In an effort to prevent students from accessing inappropriate material on school computers, public school districts in Rhode Island are trampling on the First Amendment rights of both their students and teachers.
At least, that’s the conclusion reached by the Rhode Island branch of the American Civil Liberties Union (ACLU) in a new report released this week titled “Access Denied: How Internet Filtering in Schools Harms Public Education.”
In its report, the RI ACLU says it has major concerns with the current lack of clear guidelines currently in place throughout the state’s public schools and says that stringent filters have given school districts the power to have a significant and negative “impact on classroom teaching,” that “would never be tolerated for offline lessons.”
“The excessive use of Internet filters by schools has seriously infringed on the First Amendment rights of students and teachers on a daily basis,” said Hillary Davis, a Policy Associate with the RIACLU and the author of the report. “Internet filtering has censored, rather than expanded, education and placed serious barriers between students and a robust understanding of the world around them. In order to best serve our students, use of filtering software must be strictly limited, with teachers able to lift the filter whenever necessary.”
A Lack of Context
For the past 13 years, schools throughout the country have been mandated under the Children's Internet Protection Act (CIPA) to use a “technology protection measure” that blocks obscene material and items that can be considered harmful to minors on computers connected to the internet.
The problem, the ACLU says, is that the software used to achieve those goals can’t factor in context and “even the most innocuous sites fall victim to the overly cautious filter when the software mistakenly identifies words or phrases as inappropriate.”
From there, the ACLU said, schools began barring access to any and all websites their administrators deemed inappropriate, not just websites covered by CIPA.
“As a result, students are generally allowed access only to information their administrators—and the flawed filtering system—decide are acceptable,” the organization said.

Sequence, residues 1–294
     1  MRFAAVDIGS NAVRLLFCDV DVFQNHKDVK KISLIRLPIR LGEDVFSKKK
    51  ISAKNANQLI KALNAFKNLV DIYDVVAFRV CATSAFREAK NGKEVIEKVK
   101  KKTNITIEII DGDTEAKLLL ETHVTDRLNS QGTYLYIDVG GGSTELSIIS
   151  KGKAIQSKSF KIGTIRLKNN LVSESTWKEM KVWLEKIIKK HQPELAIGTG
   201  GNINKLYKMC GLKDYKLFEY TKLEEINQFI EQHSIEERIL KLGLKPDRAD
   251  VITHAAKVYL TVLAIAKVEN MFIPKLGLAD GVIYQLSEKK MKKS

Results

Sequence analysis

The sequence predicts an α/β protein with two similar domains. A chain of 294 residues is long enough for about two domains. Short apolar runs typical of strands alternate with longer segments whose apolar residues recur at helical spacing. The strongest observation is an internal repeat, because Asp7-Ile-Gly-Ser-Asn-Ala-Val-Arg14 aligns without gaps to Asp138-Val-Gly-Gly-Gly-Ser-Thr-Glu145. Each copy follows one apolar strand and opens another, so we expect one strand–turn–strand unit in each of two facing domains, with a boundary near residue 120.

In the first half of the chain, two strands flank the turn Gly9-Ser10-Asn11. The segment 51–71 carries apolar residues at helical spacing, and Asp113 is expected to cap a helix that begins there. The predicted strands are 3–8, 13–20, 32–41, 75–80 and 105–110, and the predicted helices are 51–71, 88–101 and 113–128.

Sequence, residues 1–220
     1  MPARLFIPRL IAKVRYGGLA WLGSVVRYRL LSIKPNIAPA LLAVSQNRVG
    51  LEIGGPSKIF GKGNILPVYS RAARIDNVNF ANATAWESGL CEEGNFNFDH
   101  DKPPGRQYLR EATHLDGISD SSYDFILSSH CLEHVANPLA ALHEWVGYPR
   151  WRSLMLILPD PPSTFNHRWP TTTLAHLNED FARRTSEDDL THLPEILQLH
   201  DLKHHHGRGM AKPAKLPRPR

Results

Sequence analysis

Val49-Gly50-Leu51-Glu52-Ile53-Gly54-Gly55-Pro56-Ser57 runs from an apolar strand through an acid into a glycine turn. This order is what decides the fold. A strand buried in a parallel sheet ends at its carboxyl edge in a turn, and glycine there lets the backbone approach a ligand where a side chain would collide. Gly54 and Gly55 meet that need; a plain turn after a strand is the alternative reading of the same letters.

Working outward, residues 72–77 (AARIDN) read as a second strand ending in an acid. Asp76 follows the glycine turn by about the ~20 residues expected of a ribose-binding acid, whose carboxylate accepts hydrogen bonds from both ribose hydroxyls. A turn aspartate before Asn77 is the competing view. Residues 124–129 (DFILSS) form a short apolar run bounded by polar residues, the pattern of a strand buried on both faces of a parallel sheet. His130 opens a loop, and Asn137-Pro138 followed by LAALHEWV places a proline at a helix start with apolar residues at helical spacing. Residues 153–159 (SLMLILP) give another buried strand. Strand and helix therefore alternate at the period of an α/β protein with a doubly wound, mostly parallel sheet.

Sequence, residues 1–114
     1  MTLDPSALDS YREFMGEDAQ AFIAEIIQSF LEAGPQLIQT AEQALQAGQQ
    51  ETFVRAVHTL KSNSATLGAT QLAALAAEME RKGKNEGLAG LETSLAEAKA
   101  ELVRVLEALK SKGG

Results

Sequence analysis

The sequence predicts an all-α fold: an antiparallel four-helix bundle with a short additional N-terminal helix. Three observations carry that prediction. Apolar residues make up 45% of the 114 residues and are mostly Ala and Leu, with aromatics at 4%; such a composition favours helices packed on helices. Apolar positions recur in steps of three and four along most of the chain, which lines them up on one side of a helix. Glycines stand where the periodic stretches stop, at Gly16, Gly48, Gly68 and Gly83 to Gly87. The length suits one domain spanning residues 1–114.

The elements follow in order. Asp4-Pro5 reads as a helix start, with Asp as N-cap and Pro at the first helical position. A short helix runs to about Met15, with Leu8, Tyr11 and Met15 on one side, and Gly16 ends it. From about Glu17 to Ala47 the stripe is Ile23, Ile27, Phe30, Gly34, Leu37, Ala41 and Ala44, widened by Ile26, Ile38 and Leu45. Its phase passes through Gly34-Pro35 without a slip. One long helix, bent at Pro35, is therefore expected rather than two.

The RI ACLU cites its national organization’s push in 2011 to examine internet censorship involving “pro-gay rights site” in schools following a rash of complaints by students that they couldn’t access websites discussing LGBT issues in a positive light.
That investigation led to a federal court ruling that a Missouri school district had violated its students’ First Amendment rights by barring such sites and caused the RI ACLU to study the topic as a whole in the Ocean State.
What the RI ACLU found, it said, was a number of reasons to be concerned.
The ACLU’s Findings
Through a series of Open Records Requests, the ACLU studied the filtering software used in RI schools, the categories of content that are blocked by each school and the specific websites that are blocked by each school.
According to the report, every school district in Rhode Island uses a filtering software program called M86 by a company called Trustwave.
It is the same type of software used in many public libraries and offers 23 filtering categories, “safe search enforcement”—where students are prohibited from searching from barred terms and phrases—and keyword filter control.
The ACLU contends that while the software is well-intentioned, it can inhibit valid educational exercises, such as a ban many schools have on “terrorist/militant/extremist” websites that can prevent students and teachers from discussing current affairs involving Al Qaeda or the Taliban.